Rates of trachoma among Indigenous children in at-risk communities have declined steadily since 2009. The claim that rates have fallen to about four per cent is supported by recent reliable data.

What is trachoma?

Trachoma is a contagious infection of the eye that, with repeated long-term infections, can result in the eyelashes turning inwards and scratching the cornea, leading to blindness.

Trachoma affects children and preschool-aged children in particular. It is commonly spread through nose and eye secretions, occurs in areas with poor community and personal hygiene, and is associated with overcrowding and reduced access to water.

Australia is the only developed country where trachoma is still endemic, and it occurs primarily in remote Aboriginal communities in Central Australia.

What program did the Rudd government establish?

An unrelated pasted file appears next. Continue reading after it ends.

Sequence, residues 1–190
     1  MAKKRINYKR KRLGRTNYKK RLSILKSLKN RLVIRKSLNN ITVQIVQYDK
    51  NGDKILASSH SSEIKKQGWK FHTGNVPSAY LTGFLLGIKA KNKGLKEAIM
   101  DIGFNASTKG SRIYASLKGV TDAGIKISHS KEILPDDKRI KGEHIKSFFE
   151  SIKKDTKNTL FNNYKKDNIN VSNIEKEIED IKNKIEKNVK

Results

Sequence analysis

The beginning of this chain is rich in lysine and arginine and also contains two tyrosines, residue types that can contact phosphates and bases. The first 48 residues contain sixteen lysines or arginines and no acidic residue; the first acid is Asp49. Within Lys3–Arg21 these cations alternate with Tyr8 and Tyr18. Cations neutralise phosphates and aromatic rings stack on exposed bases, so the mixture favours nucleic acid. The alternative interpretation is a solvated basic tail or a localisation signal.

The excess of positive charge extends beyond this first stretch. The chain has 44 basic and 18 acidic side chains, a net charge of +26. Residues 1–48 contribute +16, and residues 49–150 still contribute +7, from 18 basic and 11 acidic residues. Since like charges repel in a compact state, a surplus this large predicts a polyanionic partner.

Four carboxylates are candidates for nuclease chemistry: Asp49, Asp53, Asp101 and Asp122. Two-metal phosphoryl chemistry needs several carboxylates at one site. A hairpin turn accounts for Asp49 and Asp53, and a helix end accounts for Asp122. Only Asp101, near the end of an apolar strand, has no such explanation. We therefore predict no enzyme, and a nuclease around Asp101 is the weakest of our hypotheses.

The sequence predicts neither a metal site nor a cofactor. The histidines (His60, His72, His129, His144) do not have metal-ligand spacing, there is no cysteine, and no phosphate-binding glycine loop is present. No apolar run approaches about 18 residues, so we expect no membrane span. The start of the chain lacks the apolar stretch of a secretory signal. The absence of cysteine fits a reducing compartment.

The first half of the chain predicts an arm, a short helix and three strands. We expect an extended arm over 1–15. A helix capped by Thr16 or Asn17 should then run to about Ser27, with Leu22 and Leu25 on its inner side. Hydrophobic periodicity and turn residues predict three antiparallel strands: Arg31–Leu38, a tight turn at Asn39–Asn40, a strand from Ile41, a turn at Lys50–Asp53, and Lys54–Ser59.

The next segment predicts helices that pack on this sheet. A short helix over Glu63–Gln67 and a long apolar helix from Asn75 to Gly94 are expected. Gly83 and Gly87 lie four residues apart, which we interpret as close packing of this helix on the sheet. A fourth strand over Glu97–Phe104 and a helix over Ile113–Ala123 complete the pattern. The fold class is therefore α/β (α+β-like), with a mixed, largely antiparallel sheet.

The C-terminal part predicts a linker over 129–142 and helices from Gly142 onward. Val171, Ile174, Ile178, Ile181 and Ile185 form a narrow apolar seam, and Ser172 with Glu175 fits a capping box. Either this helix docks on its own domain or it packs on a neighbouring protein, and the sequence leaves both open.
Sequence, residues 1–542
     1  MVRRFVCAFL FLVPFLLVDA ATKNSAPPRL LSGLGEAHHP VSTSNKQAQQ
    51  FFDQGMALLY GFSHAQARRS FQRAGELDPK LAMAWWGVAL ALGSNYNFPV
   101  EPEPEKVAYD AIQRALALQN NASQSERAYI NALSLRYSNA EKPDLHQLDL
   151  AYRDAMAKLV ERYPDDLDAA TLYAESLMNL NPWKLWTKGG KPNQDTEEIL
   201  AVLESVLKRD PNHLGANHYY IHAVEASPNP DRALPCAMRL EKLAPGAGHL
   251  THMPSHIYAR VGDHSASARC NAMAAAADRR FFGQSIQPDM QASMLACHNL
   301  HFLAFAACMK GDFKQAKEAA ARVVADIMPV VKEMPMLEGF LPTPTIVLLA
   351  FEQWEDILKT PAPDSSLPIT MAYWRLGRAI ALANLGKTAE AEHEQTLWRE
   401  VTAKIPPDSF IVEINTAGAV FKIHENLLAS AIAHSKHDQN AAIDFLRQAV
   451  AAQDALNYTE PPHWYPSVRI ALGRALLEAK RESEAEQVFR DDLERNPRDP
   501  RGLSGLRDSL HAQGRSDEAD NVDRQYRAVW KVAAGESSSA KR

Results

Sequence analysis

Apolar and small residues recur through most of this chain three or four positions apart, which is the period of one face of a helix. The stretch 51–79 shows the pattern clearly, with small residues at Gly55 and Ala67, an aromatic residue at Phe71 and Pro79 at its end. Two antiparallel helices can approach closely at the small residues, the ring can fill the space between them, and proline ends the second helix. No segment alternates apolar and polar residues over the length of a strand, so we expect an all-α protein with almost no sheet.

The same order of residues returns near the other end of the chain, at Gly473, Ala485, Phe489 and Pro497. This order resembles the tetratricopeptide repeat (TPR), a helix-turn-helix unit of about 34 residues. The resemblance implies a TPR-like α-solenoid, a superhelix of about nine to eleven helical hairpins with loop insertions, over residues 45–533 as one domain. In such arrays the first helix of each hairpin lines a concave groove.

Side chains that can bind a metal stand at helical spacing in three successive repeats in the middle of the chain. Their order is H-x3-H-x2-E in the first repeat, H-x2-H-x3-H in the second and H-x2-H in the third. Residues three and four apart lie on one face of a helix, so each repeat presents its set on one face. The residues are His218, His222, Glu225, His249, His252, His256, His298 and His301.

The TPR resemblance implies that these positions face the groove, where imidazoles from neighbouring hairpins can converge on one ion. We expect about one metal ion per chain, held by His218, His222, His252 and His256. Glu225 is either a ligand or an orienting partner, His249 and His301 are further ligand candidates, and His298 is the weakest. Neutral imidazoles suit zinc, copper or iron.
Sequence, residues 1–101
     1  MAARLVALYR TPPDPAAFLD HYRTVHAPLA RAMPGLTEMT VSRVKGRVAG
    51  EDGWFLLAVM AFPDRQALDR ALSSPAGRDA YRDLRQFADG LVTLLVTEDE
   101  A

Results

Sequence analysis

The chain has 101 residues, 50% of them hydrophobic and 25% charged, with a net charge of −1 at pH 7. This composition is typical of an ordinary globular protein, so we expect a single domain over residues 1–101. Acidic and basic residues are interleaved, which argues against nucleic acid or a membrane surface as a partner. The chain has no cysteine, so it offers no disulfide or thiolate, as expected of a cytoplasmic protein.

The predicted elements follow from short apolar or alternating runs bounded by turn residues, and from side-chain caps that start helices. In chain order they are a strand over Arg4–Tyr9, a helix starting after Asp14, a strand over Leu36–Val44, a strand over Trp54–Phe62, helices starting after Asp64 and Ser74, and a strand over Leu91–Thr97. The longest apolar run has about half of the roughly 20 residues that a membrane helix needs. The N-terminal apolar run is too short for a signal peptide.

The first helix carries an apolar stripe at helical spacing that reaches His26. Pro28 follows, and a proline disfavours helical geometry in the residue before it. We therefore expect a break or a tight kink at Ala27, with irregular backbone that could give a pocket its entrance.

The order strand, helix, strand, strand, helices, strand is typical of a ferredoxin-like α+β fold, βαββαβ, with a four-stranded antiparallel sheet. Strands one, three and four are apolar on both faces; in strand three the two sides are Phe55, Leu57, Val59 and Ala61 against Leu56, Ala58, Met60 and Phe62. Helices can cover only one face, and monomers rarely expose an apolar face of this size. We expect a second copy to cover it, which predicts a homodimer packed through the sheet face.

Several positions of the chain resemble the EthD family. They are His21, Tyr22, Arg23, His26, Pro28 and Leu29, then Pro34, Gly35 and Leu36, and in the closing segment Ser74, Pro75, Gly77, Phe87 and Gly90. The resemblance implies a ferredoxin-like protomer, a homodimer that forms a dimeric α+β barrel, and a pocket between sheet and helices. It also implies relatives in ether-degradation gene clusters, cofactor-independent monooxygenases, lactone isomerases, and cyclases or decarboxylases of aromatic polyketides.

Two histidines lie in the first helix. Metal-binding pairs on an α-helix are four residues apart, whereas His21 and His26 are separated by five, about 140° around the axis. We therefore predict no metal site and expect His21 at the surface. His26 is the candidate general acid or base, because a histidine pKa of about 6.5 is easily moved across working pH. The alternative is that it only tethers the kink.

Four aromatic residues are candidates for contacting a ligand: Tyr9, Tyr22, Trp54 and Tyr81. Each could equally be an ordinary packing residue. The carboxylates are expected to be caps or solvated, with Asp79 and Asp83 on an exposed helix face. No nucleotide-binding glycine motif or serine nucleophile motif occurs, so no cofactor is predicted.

Professor Hugh Taylor is the Harold Mitchell Professor of Indigenous Eye Health at Melbourne University and when Mr Rudd announced the policy in 2009 he was head of the National Trachoma Surveillance and Reporting Unit, which receives funding from the Federal Department of Health.

Professor Taylor told Fact Check that “after years of either inaction or ineffective action, in 2009 Kevin Rudd committed to eliminate trachoma in Australia by the year 2020”.

Australia adopted a trachoma eradication strategy in line with the World Health Organisation’s 1998 global strategy and based on its SAFE guidelines. SAFE stands for [S]urgery to repair inward eye lashes, [A]ntibiotics, promotion of [F]acial cleanliness, and [E]nvironmental improvements in hygiene and water access.

Mr Rudd’s office told Fact Check the policy he was referring to was a $58 million commitment made in February 2009 to “help tackle eye and ear diseases in Indigenous communities”, with a major focus on trachoma eradication.

The funding was to be allocated over four years, and according to a press release at the time, included “a major increase in services to address trachoma, which will enable at least 10 regional teams to treat and help prevent the disease in NT, WA, SA and other states where trachoma is identified”.

The 2009-10 federal budget papers spell out $58.4 million in funding over four years for “improving eye and ear health services for Indigenous Australians”.